Ensuring B.C.’s business competitiveness

By Lori Mathison
Nov 27, 2018
Ensuring B.C.’s business competitiveness
Photo credit: bankrx/iStock/Getty Images

The approval of the LNG Canada project, the expansion of Amazon’s office, and the opening of an Apple corporate office in Vancouver are positive signs that point to B.C.’s business potential. But we must pause to consider if we have the conditions for continued growth and a sustainable economy – including a competitive corporate tax system, strong labour productivity, and open market access. 

In the federal Fall Economic Statement, a new Accelerated Investment Incentive was announced. While there is still work to do, this development should help to encourage capital investment and ultimately bolster productivity in our country. The need to ensure a competitive tax environment is equally true at the provincial level. 

Over the past number of years, the Chartered Professional Accountants of British Columbia (CPABC) has continued to reiterate the need for change to ensure that businesses in B.C. are not disadvantaged from a tax perspective. In our budget recommendations to the provincial government, we have asked the government to review the current tax regime, implement a full exemption from Provincial Sales Tax on business expenditures, and reconsider the Employer Health Tax. 

In terms of labour productivity, B.C. should continue to focus on supporting education and job-ready skills training, and creating conditions to help attract and retain top talent. Educational attainment is a critical factor in labour productivity. According to CPABC’s BC Check-Up report, the share of B.C.’s labour force with post-secondary educational attainment was 71.4 per cent in 2017, compared to the national average of 73.4 per cent. Higher education levels amongst workers should also translate into higher wages, and ultimately, consumer spending power. Not surprisingly, at $55,096, our average compensation per worker was also behind the national average in 2017.

Low wages can hinder recruitment efforts, especially in B.C. where living costs are high. In fact, 85 per cent of B.C.’s CPAs in the recent Business Outlook Survey, identified attracting and retaining skilled labour as a challenge to business success in the province. Ultimately, we need people who want to live and work in British Columbia. This means that affordability challenges must be met. In Greater Vancouver, households making the median pre-tax income are contributing over 80 per cent of their income to housing.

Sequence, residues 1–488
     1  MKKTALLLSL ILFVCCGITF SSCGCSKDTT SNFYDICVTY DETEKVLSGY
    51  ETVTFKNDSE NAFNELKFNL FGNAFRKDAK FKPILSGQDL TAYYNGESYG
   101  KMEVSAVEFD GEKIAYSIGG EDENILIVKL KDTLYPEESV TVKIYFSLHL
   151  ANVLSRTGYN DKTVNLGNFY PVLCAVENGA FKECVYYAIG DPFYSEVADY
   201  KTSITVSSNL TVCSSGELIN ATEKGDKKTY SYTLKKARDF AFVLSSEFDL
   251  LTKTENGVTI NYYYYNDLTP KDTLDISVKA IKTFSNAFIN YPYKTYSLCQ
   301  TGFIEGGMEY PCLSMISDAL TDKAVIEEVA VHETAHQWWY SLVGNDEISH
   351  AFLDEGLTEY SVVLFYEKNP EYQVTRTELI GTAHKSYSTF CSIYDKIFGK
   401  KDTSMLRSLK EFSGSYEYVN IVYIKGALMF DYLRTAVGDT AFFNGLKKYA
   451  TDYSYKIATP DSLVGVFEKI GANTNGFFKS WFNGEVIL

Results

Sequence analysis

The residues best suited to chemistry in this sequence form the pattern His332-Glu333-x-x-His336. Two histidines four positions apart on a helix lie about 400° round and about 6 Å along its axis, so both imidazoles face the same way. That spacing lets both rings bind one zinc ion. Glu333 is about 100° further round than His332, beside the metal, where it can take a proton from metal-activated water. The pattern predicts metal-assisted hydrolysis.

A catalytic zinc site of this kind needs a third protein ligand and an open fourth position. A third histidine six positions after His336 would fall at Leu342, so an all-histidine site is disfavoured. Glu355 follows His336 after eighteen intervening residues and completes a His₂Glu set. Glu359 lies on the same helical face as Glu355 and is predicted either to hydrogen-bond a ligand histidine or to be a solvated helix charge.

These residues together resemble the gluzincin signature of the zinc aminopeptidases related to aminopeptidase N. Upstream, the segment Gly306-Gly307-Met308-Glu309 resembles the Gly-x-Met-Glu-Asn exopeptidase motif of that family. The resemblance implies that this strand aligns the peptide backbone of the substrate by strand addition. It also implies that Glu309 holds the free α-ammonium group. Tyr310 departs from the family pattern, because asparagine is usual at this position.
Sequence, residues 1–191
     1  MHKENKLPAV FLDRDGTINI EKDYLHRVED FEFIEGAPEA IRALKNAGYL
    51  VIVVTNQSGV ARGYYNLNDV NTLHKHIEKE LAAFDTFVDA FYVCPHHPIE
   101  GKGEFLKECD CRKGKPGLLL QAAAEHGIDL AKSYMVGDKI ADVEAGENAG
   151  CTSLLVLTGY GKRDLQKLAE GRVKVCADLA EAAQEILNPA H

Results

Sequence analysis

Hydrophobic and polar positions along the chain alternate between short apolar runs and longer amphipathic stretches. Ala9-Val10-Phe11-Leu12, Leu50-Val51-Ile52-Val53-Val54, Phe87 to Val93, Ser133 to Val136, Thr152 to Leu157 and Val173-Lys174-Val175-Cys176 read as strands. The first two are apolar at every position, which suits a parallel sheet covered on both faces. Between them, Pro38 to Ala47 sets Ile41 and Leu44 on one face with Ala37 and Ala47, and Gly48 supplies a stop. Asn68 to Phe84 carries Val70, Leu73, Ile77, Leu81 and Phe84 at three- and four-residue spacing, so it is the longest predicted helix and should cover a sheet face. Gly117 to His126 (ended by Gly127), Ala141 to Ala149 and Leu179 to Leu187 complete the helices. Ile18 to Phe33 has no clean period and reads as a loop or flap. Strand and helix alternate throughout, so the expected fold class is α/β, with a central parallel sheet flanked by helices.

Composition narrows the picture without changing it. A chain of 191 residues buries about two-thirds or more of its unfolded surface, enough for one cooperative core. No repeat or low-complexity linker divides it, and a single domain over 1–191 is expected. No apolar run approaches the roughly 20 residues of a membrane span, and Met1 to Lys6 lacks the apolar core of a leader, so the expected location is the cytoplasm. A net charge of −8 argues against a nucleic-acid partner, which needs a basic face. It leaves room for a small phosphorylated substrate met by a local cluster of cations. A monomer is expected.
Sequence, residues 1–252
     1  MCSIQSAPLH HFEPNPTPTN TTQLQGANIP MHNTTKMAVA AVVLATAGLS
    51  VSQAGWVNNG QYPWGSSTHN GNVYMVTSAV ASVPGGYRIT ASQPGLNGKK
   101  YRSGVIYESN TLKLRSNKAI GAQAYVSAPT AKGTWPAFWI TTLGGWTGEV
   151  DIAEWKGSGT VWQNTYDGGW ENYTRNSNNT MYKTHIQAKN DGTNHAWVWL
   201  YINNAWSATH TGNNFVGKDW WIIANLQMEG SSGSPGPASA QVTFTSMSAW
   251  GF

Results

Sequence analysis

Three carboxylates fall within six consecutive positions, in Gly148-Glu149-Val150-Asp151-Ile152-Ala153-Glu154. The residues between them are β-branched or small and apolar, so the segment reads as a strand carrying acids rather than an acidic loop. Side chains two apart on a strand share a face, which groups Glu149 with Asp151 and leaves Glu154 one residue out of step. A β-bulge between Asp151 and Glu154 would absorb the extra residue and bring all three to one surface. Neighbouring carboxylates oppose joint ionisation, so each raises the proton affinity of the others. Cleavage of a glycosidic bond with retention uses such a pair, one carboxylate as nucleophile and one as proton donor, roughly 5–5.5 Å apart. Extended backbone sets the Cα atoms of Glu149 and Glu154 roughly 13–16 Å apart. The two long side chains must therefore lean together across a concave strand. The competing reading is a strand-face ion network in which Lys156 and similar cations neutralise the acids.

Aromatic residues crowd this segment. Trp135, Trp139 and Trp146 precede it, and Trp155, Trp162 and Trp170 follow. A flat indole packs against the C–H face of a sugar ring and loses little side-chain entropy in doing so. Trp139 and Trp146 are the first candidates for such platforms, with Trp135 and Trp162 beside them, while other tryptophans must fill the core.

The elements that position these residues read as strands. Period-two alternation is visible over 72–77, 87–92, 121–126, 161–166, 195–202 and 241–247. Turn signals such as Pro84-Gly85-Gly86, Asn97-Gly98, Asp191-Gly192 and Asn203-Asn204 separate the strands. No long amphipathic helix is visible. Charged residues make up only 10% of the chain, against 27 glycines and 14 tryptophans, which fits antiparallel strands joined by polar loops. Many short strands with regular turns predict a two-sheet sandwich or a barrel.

Finally, we must consider business access to markets. Canada enjoys preferential trade relations with markets throughout the Americas, Asia, and Western Europe. The new $1.1 billion Export Diversification Strategy announced in the federal Fall Economic Statement is a positive development and should help B.C.’s role as Canada’s Gateway. B.C. has a strong brand globally and with its traditional exports. To capitalize on these conditions and create an even stronger, diversified, trade environment, it is important for the provincial government to continue to work, directly or indirectly, with our businesses to help them grow their global share and influence.  

The B.C. Government and industry stakeholders need to work together to ensure we support business investment, talent and conditions for business success, both domestically and internationally. Ensuring business competitiveness is vital to long-term economic prosperity, allowing the province to continue to provide quality education, health, and social services. 


Lori Mathison, FCPA, FCGA, LLB, is the president and chief executive officer of the Chartered Professional Accountants of British Columbia (CPABC).